Saturday, December 24, 2005

Certain Uncertainty: A Christmas Story

Sometimes, it seems the most certain thing in life is uncertainty. The first few days of Erich's life were filled with uncertainty. Will my [Karen's] breastmilk be sufficient? What happens if the baby loses too much weight? Jaundice - what's that? How will we ever be able to take care of this baby while feeling soo exhausted?

Exhausted we were! After having been up almost two days and two nights straight -- starting with labour, then delivery, then recovery, then straight to taking care of the new baby... -- all of this was starting to take its toll! To make matters worse, adjusting to hospital life was far from easy. Although we were very appreciative of the extra hand the nurses gave us, hospital life is filled with constant interruptions: Patient care seems to be an odd combination of a team of professionals trying to nurse you back to health all the while maintaining their busy schedules and checklists. Our lack of sleep contributed to our crankiness which in turn rubbed off on Erich and his food supply, which made him cranky... well, you get the picture.

To make a long story short, Erich developed a mild form of jaundice (apparently very normal in newborns). He also lost a little more weight than the doctors would have liked. As a result, we ended up staying in the hospital two more days than we had first anticipated (Christmas Eve, and Christmas Day). Our hearts sank: We wouldn't be home for Christmas. On the one hand, we welcomed the extra days to help us get back on track. On the other, it was Christmas afterall, and we were itching to get home to sleep on our own bed.

Our family, like most, has the time-honoured tradition every Christmas of Christmas dinner. You know, the informal "formal" affair, where family dress their best for dinner and sing some carols around the piano. This year, of course, our son changed all of that. We ended up moving family dinner from our traditional venue on Walnut Street to Room 11 at St. Paul's Hospital's Maternity Ward. Instead of oven-baked roast ham served with cranberry sauce on fine china, and wine from the finest grapes, we had ham sandwiches with raisin bread served on paper towels with cranberry juice.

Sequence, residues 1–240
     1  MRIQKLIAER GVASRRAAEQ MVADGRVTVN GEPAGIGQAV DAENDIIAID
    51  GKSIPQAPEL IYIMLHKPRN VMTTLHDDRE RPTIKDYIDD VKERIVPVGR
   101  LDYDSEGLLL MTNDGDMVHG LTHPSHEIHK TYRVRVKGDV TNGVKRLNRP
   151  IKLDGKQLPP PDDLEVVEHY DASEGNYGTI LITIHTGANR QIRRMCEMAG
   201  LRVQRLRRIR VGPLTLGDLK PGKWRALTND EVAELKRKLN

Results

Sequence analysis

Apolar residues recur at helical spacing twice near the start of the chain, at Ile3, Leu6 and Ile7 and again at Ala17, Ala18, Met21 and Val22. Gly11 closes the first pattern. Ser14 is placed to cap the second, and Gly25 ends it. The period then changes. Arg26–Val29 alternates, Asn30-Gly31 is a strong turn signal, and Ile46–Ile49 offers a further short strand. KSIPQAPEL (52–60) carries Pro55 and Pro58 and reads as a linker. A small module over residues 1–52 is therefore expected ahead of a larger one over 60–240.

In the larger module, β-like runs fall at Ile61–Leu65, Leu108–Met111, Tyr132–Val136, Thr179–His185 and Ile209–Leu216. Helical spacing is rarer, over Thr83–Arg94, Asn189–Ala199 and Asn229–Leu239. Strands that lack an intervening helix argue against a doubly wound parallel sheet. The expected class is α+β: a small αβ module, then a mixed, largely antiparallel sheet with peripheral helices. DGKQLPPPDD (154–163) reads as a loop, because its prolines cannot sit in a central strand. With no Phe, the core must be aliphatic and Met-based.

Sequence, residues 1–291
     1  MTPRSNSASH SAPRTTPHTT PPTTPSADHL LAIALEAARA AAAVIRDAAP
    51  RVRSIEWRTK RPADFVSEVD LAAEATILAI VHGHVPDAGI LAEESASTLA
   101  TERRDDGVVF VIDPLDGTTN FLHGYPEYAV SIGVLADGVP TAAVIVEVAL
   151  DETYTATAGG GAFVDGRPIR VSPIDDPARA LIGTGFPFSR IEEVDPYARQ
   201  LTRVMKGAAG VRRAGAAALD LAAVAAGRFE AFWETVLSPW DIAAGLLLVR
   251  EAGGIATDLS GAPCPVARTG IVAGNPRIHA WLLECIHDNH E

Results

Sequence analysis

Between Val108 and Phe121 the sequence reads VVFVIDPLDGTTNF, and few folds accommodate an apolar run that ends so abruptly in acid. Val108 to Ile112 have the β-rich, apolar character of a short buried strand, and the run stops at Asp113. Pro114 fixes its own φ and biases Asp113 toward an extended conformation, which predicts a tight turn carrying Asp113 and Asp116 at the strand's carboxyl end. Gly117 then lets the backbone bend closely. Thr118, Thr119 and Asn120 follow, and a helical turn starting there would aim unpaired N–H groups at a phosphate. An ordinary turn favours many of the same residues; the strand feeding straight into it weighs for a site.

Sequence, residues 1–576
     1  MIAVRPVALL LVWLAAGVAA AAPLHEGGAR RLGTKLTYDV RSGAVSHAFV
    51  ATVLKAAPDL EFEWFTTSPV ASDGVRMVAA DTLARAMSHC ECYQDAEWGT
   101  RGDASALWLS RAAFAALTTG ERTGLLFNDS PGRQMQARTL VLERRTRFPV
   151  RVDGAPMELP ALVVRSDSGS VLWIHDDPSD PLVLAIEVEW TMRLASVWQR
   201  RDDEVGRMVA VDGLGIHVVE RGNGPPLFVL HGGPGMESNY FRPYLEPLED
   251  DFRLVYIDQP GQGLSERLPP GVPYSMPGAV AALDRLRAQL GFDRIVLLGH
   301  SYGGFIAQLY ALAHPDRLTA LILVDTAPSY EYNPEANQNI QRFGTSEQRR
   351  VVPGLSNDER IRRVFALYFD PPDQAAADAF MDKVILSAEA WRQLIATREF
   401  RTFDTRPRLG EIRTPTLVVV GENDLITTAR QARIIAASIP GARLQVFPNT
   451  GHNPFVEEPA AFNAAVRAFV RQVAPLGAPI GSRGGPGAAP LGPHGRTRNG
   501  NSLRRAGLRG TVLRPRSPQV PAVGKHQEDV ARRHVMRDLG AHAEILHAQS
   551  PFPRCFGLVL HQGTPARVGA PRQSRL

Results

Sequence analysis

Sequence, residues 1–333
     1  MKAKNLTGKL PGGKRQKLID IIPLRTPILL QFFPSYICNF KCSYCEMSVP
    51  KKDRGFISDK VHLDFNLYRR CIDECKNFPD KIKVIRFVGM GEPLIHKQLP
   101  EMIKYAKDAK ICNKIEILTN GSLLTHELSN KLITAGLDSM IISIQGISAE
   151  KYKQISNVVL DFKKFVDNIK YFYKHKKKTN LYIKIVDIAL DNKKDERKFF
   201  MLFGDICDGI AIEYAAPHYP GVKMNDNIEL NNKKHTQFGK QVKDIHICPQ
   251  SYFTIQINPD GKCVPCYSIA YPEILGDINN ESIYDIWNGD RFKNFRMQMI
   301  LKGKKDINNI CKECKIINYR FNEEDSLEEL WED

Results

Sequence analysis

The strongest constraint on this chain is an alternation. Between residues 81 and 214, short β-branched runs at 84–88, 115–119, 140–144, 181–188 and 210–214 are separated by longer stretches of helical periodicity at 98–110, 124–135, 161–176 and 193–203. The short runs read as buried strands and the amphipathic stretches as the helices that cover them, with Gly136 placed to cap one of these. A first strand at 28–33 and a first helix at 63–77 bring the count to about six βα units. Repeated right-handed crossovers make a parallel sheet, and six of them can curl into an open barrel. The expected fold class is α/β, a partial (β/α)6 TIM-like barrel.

Reflecting back on the experience though, it was unlike any other. Perhaps a prayer my sister said that night just before our meal reflected our emotions best: Christmas isn't about having it all together; afterall Christ's birth was in less than ideal circumstances. But Christmas is about the Creator loving His created despite the circumstances: sending His son to save us and to show His love despite His disgust for our sin. Though we could never understand fully the intricate details of what must have gone on in Jesus' earthly family and the Holy Trinity that very first Christmas, we couldn't help but muse at some of the similarities: God's son, afterall, changed tradition forever.

Never had we been so tired, so helpless and so confused! Certainly we had experienced days of sleeplessness when we were students, but never was our alertness and our attention and our love so absolutely required. Assignment deadlines can be missed; exams can be failed; courses ignored, but a child - our child - cannot. Our child demanded our love and our attention. Certainly puts things into perspective doesn't it?

In the end though, the extra days helped us to stabilize, and got us back on the right track before heading home to fend for ourselves. Karen's milk began to flow more readily toward the end of our hospital stay, and we were taught how to supplement without "nipple-confusion" should it be necessary for a few days. Erich's weight stabilized and his jaundice was deemed OK enough for us to go home.

Christmas 2005 was definitely unique, and it will definitely be a story to tell Erich when he grows up.

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